Minnesota AMA reps to present drug price regulation resolutions

by Sam Kean

At the annual American Medical Association meeting in Chicago this week, the Minnesota delegation will present resolutions attempting to regulate the price of pharmaceutical drugs.

In recent months, drug companies have been criticized for pricing needed drugs beyond the means of people in developing nations. But Minnesota Medical Association president Blanton Bessinger noted struggles in Minnesota as well.

“The cost of pharmaceutical drugs is placing them beyond the reach of some of our patients,” Bessinger stated in a press release. “This is a serious problem that must be solved at the national level.”

The following resolutions focus on capping drug costs and regulating the promotional strategies of pharmaceutical companies:

ï Pharmaceutical Manufacturer Gift Limitations

Would limit the gifts drug companies can offer physicians.

ï State Actions to Control Pharmaceutical Costs

Would investigate using large-group coalitions to purchase drugs in bulk as a means to control costs.

ï Pharmaceutical Company Discount and Rebate Arrangements

Would study the effects of drug companies offering cheaper prices to insurers in exchange for favored status on drug brands.

ï Cost of Drug Disclosure during Direct Advertising

Would call on drug companies to suggest retail prices during consumer marketing.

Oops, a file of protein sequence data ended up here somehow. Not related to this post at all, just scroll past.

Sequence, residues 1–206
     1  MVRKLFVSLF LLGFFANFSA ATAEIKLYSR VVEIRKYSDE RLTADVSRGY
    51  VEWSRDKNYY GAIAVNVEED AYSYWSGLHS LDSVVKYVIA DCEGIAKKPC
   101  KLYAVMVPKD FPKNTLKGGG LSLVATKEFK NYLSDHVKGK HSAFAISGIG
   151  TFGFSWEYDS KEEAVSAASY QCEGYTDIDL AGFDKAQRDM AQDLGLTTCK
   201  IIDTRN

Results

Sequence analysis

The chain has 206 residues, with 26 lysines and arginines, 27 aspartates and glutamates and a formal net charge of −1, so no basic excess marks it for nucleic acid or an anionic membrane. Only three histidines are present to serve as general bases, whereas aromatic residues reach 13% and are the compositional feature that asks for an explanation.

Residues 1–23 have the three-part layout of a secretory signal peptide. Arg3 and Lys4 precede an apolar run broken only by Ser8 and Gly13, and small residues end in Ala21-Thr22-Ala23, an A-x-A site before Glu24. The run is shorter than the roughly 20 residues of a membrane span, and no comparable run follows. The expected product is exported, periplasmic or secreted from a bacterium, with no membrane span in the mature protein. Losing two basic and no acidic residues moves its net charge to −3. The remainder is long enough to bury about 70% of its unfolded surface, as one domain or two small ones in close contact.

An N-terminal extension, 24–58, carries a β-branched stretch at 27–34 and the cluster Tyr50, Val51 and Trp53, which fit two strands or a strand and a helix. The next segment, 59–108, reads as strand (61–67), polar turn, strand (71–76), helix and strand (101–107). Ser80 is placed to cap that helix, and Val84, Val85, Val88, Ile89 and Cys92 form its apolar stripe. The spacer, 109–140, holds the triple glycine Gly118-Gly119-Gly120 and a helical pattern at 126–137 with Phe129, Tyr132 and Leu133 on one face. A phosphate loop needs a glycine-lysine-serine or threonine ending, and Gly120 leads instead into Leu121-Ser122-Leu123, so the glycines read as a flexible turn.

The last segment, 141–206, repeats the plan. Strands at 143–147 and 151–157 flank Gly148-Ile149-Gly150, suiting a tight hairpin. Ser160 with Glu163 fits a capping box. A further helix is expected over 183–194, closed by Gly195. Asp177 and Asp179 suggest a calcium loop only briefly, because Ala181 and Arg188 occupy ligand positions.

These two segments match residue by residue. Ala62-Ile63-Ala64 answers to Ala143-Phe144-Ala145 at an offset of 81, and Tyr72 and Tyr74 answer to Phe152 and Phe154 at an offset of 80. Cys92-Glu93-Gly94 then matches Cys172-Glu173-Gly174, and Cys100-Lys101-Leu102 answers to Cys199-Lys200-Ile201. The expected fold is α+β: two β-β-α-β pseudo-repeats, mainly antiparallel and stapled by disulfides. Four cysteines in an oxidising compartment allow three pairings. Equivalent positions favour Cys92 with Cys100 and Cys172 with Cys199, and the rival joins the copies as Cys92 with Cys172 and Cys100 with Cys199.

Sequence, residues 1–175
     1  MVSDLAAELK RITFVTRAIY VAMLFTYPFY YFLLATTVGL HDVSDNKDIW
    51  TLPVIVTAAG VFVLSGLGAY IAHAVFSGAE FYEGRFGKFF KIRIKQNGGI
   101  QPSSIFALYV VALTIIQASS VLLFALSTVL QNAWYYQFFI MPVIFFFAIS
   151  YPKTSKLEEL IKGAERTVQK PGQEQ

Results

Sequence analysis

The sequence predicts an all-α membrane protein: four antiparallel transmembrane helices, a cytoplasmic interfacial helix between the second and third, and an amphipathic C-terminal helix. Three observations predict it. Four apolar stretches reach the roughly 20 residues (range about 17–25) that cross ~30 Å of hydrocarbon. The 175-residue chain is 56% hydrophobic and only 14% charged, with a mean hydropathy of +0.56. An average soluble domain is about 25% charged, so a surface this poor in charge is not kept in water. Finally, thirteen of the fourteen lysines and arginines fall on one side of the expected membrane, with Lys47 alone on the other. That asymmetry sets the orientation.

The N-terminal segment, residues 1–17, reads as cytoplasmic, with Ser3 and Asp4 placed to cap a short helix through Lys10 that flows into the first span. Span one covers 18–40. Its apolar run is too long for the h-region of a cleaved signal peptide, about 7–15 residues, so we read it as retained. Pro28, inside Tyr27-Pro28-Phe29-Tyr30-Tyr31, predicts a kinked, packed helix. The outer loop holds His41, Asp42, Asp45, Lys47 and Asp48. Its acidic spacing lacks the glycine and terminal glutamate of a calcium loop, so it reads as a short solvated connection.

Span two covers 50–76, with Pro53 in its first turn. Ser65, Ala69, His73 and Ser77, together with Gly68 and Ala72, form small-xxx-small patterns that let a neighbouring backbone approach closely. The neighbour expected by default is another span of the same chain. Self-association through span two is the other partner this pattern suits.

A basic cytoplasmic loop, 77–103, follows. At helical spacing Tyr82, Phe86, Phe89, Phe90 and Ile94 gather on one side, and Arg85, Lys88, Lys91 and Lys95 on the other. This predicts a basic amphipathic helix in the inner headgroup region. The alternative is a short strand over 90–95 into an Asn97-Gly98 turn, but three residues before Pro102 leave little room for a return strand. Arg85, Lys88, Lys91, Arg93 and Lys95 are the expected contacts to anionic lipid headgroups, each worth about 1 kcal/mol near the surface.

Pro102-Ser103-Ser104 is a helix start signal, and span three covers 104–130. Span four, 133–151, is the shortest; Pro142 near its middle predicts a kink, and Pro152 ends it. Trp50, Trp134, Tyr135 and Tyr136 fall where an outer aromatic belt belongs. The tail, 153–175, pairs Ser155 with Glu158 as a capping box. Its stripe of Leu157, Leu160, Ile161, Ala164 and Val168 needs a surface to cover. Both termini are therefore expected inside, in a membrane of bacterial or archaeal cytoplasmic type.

ï Physicians’ Use of Drug Samples

Would study the effects of physicians dispensing drug samples on both pharmaceutical costs and patient care.

The University’s connection

Of six primary MMA delegates to the AMA, three are University professors or instructors. Seventy-five percent of all Minnesota physicians are MMA members, including Medical School Dean Alfred Michael and Academic Health Center Vice President Frank Cerra.

Physicians across the nation are addressing concerns about drug companies having too much influence on which drugs are recommended to patients, said Mark Paller, University assistant vice president for research.

Information from company representatives promoting drugs ranges from sound and scientific to a “memorized sales pitch,” said Paller. The resolutions attempt to outline what is appropriate.

Drug companies point to the risk of developing drugs as the reason for high prices. Most potential drugs never make it to market, and those that do are expensive to develop.

Furthermore, because most citizens in developing countries cannot afford drugs, companies must rely on markets in the United States and Europe to recover operating costs.

Sam Kean encourages comments at [email protected]